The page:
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Three Southern California Small Businesses Selected for EPA Funding to Develop Innovative Environmental Technologies

Awards part of $2.5 million provided by EPA’s Small Business Innovation Research Program nationwide

Contact Information: 
Julia Giarmoleo (

SOUTHERN CALIFORNIA – Today, the U.S. Environmental Protection Agency (EPA) announced nearly $300,000 in grant awards to California-based Hyperion Analytical LLC of Rancho Cucamonga, Intelligence Optical Systems, Inc of Torrance, and Photon Systems, Inc. of Covina, to develop innovative technologies that help support EPA’s mission of protecting human health and the environment. Hyperion Analytical proposed a lower cost analytical system for measuring hazardous organic compounds (N-nitrosamines) in potable reuse water; Intelligence Optical Systems proposed an integrated sensor system for water treatment performance monitoring; and Photon Systems proposed a sensor for continuous microbial monitoring in water reuse treatment systems.

“Small businesses are confronting important environmental challenges head on with creativity and ingenuity,” said EPA Acting Regional Administrator for the Pacific Southwest, Deborah Jordan. “I congratulate the small businesses from Southern California who are receiving EPA funding today. EPA is proud to support their efforts to develop innovative environmental solutions.”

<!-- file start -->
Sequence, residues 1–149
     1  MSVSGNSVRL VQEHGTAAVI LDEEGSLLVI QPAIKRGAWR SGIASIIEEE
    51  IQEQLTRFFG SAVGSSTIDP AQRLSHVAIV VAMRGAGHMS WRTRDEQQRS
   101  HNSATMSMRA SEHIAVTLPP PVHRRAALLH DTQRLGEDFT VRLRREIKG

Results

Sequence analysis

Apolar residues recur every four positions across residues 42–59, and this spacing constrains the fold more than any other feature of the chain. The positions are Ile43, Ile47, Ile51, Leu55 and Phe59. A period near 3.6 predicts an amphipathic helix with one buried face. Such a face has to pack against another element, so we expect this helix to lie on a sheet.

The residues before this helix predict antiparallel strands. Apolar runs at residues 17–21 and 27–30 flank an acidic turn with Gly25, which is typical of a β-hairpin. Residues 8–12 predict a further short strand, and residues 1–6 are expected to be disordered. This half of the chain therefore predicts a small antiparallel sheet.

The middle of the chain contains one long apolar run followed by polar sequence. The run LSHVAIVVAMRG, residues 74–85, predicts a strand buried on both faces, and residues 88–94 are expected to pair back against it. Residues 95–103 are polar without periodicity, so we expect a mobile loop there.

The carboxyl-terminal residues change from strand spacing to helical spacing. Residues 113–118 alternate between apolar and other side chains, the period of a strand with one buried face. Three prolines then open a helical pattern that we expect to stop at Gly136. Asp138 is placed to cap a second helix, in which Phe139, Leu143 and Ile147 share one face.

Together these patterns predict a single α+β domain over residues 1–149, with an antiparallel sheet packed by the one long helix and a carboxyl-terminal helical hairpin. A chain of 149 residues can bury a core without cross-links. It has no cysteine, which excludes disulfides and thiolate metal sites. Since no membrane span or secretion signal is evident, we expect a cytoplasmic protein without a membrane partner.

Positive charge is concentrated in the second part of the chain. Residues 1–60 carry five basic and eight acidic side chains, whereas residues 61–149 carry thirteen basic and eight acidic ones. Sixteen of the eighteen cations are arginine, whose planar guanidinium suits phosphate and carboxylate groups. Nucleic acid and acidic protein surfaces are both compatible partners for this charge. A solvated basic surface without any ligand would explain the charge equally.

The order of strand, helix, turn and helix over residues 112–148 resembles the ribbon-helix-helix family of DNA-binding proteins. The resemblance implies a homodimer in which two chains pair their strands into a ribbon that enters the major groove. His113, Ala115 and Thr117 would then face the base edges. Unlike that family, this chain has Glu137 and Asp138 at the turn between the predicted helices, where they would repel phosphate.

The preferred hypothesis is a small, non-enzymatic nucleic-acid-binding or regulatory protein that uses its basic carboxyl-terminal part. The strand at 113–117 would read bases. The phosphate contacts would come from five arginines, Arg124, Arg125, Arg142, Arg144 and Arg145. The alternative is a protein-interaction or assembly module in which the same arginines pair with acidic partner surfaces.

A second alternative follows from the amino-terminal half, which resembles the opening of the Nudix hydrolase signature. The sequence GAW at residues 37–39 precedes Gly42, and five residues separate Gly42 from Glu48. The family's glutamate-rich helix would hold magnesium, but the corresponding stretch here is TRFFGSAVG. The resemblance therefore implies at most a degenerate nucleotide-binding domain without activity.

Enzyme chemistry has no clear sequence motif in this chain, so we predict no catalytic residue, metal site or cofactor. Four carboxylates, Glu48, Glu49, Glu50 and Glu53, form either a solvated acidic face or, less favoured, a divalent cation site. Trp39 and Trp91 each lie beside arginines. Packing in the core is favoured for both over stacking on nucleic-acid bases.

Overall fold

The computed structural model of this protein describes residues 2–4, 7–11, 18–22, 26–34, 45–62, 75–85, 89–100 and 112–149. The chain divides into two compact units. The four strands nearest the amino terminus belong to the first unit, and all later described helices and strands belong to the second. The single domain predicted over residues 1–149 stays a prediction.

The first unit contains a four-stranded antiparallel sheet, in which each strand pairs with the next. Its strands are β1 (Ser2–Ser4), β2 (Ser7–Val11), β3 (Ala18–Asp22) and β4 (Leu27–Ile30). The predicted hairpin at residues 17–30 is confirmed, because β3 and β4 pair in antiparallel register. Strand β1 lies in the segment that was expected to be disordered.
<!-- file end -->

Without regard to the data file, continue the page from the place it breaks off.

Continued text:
EPA is one of 11 federal agencies that participate in the Small Business Innovation Research (SBIR) Program established by the Small Business Innovation Development Act of 1982. The small businesses in today’s announcement are receiving Phase I awards of up to $100,000 for six months for “proof of concept” of their proposed technology. Companies that successfully complete Phase I can then submit a proposal for a Phase II award of up to $400,000 to further develop and commercialize the technology.

EPA runs a yearly, two-phase process for the SBIR awards. Companies who have received the Phase I award can submit a proposal for a Phase II award of $400,000 to further develop and commercialize the technology. Through this phased approach, EPA can evaluate whether the research idea is feasible; if the firm’s research is high-quality; and if sufficient technical and commercial progress has been made to justify a larger Phase II effort.

To learn more about EPA’s SBIR Phase I winners, please visit:

To learn more about EPA’s SBIR program, please visit:

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